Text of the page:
The Bronchi & Trachea in a Dogby Betty Lewis
Your pup's respiratory system functions the same way yours does. Her windpipe, or trachea, connects her nose, mouth and throat to her lungs. Ideally, the trachea is a strong tube, made of muscle and cartilage, that splits into two primary bronchi. The bronchi split further into smaller bronchioles, delivering air into her lungs.
Two Parts, A Variety of Conditions
The trachea and bronchi of a dog are vulnerable to a variety of conditions. If the dog’s tracheal cavity narrows when she breathes, she’s experiencing tracheal collapse. In the condition bronchiectasis, the muscular and elastic parts of the bronchi walls breakdown, causing the airways to become permanently dilated. Since the walls aren't able to contract and expand as normal, the lung's secretions can accumulate, causing a lung infection. Chronic obstructive pulmonary disease, also known as COPD or chronic bronchitis, is characterized by inflamed mucus membranes in a dog's bronchi. In the case of tracheobronchitis, the bronchial airways and trachea are inflamed.
Take a Deep Breath
The different conditions affecting a dog's bronchi and trachea share similar symptoms. In all cases, a cough is usually the first sign something’s wrong. In the case of bronchiectasis, the cough will be a moist cough, as opposed to the dry, hacking cough the other conditions present. Other symptoms of trachea and bronchi illness include fast breathing or panting, difficulty performing routine exercise, unusual lung or breathing sounds, such as wheezing, gagging and retching. In extreme cases a dog’s mucus membranes or skin can take on a blue color or suddenly lose consciousness.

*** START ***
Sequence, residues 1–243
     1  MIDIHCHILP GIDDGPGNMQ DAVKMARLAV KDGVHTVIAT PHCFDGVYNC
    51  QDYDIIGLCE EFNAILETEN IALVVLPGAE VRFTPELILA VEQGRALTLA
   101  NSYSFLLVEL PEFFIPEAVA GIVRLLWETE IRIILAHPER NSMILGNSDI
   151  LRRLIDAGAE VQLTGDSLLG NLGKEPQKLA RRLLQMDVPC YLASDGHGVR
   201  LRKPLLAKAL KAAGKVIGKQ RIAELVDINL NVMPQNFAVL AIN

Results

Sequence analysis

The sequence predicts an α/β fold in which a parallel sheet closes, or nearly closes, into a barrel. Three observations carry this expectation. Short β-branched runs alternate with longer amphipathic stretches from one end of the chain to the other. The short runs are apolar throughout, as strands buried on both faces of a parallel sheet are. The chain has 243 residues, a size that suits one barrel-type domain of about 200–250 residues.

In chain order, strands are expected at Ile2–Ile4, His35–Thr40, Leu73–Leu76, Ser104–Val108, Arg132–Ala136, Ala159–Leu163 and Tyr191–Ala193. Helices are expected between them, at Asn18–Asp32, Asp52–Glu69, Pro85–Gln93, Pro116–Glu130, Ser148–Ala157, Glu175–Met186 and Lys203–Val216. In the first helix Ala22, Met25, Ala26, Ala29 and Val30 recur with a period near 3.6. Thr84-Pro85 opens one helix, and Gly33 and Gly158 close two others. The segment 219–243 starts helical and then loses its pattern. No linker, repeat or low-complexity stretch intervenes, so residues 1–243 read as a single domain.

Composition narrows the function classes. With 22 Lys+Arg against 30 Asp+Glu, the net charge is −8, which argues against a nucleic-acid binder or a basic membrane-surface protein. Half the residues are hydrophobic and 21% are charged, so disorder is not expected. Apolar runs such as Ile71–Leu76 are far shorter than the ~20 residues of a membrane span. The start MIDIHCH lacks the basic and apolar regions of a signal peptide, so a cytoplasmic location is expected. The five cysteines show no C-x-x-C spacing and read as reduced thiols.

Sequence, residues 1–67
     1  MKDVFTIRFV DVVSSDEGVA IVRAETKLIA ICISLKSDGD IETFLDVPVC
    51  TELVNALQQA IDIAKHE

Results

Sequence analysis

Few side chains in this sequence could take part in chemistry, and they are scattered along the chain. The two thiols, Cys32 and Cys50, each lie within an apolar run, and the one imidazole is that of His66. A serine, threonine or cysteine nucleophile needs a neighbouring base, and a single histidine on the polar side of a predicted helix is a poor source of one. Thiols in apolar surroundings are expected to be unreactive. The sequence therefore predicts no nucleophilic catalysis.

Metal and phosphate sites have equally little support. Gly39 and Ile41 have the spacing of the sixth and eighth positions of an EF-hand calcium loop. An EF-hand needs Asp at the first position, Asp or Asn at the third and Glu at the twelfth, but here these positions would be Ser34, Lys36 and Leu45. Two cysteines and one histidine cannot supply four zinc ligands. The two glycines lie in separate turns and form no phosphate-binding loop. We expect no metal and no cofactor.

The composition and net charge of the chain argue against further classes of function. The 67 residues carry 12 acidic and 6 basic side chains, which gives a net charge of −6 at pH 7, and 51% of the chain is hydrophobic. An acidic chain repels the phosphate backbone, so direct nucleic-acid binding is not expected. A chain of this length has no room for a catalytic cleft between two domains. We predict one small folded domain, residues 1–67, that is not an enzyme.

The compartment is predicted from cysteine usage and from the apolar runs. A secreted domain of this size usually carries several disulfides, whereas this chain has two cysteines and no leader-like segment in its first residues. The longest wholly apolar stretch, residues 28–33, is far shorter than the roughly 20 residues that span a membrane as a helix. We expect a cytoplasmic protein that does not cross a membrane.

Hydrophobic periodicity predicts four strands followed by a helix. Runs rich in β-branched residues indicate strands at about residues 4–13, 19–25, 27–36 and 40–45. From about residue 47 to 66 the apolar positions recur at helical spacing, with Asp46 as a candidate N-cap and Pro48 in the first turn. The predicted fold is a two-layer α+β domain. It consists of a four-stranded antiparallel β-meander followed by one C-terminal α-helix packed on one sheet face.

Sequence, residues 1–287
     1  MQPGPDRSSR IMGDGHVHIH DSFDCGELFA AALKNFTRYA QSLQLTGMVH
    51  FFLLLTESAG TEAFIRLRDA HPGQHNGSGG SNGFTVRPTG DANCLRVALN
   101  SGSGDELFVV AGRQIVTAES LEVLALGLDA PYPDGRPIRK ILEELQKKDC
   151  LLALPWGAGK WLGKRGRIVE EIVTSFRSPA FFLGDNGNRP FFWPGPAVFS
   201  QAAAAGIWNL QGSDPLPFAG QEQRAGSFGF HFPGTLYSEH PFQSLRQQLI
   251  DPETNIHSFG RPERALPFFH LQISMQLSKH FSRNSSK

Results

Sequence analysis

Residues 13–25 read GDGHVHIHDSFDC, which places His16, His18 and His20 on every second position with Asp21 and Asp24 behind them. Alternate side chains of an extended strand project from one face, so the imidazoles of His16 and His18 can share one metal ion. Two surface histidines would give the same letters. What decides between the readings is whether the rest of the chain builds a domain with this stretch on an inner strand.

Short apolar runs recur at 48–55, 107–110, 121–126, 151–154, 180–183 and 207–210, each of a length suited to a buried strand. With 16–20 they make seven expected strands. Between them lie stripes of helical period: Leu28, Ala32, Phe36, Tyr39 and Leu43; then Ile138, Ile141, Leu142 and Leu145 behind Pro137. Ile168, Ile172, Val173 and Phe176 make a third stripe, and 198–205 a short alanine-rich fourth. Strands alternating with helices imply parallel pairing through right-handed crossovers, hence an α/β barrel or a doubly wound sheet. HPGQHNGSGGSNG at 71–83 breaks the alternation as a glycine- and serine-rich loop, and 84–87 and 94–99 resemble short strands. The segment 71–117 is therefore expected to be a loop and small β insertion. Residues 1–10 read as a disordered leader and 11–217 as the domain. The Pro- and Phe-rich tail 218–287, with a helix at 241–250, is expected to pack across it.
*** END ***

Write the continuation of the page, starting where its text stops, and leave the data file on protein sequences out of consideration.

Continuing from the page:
Figuring It Out
Regardless of your dog's condition, the vet will go through the same diagnostic process to determine what may be ailing your pup. A thorough medical history and routine lab work, to include blood tests and urinalysis, is the starting point. X-rays, bronchoscopies, tissue samples, flouroscopies and echocardiograms can also provide the vet information to help define the problem.
Treating the condition varies according to what’s causing it. In the case of tracheal collapse, sometimes the cause is genetic and other times develops over time due to obesity or illness. Infections or exposure to environmental triggers, such as smoke or chemical fumes, and can trigger other conditions, such as bronchiectasis and tracheobronchitis. Ideally the cause is determined and addressed, however, sometimes a cause isn’t determined. Generally, a dog suffering from problems with her bronchi or trachea will receive medication, such as anti-inflammatories, corticosteroids and antibiotics, which will help her breathe easier and clear up any associated infections. If she’s overweight, she’ll need to lose weight to minimize stress on her respiratory system. Sometimes oxygen therapy is necessary, and occasionally supportive care at the vet is required. A dog with bronchi and trachea problems should be monitored regularly by the vet, eat a healthy diet to maintain a proper weight, and exercise cautiously.
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